Of course, the environmental benefit of electric vehicles becomes greater the longer the car runs (assuming no battery replacement), but as fuel efficiency for petrol engines continues to improve, those benefits could diminish significantly over time.
Earlier this month, for instance, Mazda Motor Corp. (OTC: MZDAY) publicized a major breakthrough in petrol engines and announced plans to commercialize the technology by 2019.
Specifically, the company has developed a homogeneous charge compression ignition (HCCI) engine, which ignites petrol through compression rather than combustion. The design is expected to be 20–30% more efficient than today’s current combustion engines, further closing the emissions gap between EVs and petrol vehicles.
Risk #5: Employee Backlash
Elon Musk recently commented that Tesla is entering “manufacturing hell,” and many of the company’s factory workers would certainly agree.
According to incident reports from the Guardian, working conditions at the Gigafactory are incredibly harsh and potentially dangerous. Those reports reveal that ambulances have been called over 100 times over the last three years for workers experiencing fainting spells, dizziness, seizures, abnormal breathing, and chest pains.
Hundreds more were apparently called for injuries and other medical issues, according to Business Insider.
In a recent interview regarding these conditions, Elon admitted his workers have been "having a hard time, working long hours, and on hard jobs." But Elon’s recognition alone isn’t going to stop the pending employee backlash.
In June, workers first began pushing for a union and sent a list of demands to the company’s board, much of which focused on improving equipment and reducing injuries at the Fremont factory. The letter indicates that these issues have been voiced repeatedly but have yet to be addressed.
Tesla even ran into an actual union in Germany after acquiring Grohmann Engineering last year. Workers at the automated manufacturing company began complaining in April that they were being underpaid by 30%.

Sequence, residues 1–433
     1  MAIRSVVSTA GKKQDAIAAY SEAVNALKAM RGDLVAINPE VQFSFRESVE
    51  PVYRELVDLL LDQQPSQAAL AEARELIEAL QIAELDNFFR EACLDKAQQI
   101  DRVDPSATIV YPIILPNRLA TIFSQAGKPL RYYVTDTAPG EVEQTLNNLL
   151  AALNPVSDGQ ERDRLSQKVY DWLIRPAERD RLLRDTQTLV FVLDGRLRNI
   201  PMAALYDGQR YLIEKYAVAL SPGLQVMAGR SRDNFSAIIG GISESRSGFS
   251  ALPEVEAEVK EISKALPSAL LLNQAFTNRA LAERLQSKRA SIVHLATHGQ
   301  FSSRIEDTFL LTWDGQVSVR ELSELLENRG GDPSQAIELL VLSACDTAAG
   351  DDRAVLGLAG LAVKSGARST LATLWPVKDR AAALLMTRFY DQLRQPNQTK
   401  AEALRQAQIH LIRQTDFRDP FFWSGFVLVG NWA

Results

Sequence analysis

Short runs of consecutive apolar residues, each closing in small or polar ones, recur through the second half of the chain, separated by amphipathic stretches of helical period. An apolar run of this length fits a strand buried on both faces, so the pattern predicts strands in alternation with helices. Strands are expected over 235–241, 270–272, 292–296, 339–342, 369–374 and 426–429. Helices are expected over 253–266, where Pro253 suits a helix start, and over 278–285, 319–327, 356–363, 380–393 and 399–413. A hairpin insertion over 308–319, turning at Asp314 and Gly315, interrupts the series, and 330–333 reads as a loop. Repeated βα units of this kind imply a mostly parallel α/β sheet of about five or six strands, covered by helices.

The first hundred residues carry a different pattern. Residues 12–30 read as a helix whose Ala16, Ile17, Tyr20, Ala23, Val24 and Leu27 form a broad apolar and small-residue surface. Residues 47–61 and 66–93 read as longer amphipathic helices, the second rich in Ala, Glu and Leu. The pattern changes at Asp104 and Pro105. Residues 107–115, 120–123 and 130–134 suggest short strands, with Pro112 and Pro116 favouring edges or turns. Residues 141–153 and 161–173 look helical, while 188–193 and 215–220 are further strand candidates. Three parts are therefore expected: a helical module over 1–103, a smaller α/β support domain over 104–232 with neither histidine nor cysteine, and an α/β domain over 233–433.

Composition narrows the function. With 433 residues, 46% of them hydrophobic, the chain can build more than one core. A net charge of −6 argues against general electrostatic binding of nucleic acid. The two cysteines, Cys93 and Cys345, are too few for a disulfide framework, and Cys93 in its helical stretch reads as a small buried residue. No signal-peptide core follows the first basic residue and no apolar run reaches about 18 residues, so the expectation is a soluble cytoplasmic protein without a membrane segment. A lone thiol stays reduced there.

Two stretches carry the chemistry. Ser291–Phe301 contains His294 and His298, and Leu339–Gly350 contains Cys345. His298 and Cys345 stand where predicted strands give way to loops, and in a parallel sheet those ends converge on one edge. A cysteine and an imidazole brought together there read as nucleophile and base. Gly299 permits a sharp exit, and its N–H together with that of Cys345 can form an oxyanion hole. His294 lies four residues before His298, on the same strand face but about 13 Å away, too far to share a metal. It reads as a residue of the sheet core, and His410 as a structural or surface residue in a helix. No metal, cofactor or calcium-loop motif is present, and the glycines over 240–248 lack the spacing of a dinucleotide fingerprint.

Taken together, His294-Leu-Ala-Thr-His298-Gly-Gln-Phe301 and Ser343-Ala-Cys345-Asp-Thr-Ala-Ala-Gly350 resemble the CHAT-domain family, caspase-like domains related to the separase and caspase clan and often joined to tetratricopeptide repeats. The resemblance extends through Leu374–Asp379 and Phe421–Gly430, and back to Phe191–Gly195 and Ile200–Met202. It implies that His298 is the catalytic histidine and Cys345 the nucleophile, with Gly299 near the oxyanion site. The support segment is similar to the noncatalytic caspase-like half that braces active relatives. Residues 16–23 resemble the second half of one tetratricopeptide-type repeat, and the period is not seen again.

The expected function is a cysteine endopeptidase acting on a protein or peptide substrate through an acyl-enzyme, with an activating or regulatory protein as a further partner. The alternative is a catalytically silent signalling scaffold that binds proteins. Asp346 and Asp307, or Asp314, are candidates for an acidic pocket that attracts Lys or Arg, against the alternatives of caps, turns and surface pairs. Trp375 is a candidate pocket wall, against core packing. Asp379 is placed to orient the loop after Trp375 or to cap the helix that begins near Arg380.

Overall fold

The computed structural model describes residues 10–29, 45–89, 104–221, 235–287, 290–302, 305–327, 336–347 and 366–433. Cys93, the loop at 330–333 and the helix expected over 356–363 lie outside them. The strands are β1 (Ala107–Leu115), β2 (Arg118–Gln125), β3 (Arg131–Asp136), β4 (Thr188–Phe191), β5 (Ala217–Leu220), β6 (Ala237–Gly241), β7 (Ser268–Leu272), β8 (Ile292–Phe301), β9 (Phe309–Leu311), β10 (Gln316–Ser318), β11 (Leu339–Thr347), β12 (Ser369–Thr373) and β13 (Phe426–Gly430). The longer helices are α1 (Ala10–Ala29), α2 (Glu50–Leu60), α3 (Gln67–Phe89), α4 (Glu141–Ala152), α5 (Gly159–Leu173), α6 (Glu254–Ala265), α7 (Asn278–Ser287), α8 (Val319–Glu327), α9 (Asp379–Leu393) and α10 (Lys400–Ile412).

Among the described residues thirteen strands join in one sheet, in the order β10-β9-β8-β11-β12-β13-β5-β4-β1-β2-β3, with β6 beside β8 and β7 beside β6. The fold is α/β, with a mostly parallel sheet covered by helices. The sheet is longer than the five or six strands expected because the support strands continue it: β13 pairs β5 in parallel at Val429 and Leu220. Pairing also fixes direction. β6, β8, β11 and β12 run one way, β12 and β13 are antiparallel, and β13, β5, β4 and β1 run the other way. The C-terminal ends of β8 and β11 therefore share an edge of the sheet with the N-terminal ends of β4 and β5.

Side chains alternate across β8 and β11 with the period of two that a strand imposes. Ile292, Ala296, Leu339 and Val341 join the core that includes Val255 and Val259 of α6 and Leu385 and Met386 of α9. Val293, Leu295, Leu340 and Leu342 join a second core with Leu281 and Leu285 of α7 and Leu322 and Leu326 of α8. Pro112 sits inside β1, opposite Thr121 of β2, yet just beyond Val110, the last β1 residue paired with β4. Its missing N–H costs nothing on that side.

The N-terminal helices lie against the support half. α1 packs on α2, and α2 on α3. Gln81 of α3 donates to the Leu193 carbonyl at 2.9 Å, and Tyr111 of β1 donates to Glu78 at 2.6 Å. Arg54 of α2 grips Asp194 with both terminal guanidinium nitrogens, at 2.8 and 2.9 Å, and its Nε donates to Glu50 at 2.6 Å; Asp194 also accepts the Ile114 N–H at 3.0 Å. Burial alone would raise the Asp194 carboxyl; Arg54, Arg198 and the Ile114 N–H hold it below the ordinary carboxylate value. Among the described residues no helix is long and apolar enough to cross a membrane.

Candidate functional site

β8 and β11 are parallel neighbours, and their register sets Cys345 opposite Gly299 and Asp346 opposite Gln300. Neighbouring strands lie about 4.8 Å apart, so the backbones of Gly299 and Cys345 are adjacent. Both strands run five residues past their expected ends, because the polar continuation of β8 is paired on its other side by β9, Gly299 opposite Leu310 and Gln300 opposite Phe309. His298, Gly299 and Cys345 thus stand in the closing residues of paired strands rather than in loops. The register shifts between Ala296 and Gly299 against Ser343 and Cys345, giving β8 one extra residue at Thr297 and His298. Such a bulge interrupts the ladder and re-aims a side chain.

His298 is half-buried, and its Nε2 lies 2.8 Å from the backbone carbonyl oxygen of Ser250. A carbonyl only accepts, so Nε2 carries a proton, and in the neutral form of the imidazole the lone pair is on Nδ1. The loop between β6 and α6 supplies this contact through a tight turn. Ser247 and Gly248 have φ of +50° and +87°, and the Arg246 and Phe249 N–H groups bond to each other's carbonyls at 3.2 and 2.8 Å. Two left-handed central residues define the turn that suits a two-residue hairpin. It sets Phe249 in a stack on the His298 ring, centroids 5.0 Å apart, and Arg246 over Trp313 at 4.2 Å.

Further, The Verge began reporting this week that engineers are leaving the company after voicing concerns over Tesla’s Autopilot feature. Specifically, these employees felt that Musk was brushing aside safety concerns, with one former engineer calling out “reckless decision making that has potentially put customer lives at risk.”
More likely than not, these problems will only continue to present themselves as Tesla continues its rapid expansion. Call them growing pains all you want, but they’re going to be pains nonetheless.
Until next time,
Jason Stutman is Wealth Daily's senior technology analyst and editor of investment advisory newsletters Technology and Opportunity and The Cutting Edge. His strategy for building winning portfolios is simple: Buy the disruptor, sell the disrupted.
Covering the broad sector of technology and occasionally dabbling in the political sphere, Jason has written hundreds of articles spanning topics from consumer electronics and development stage biotechnology to political forecasting and social commentary.
Outside the office Jason is a lover of science fiction and the outdoors, and an amateur squash player at best. He writes through the lens of a futurist, free market advocate, and fiscal conservative. Jason currently hails from Baltimore, Maryland, with roots in the great state of New York.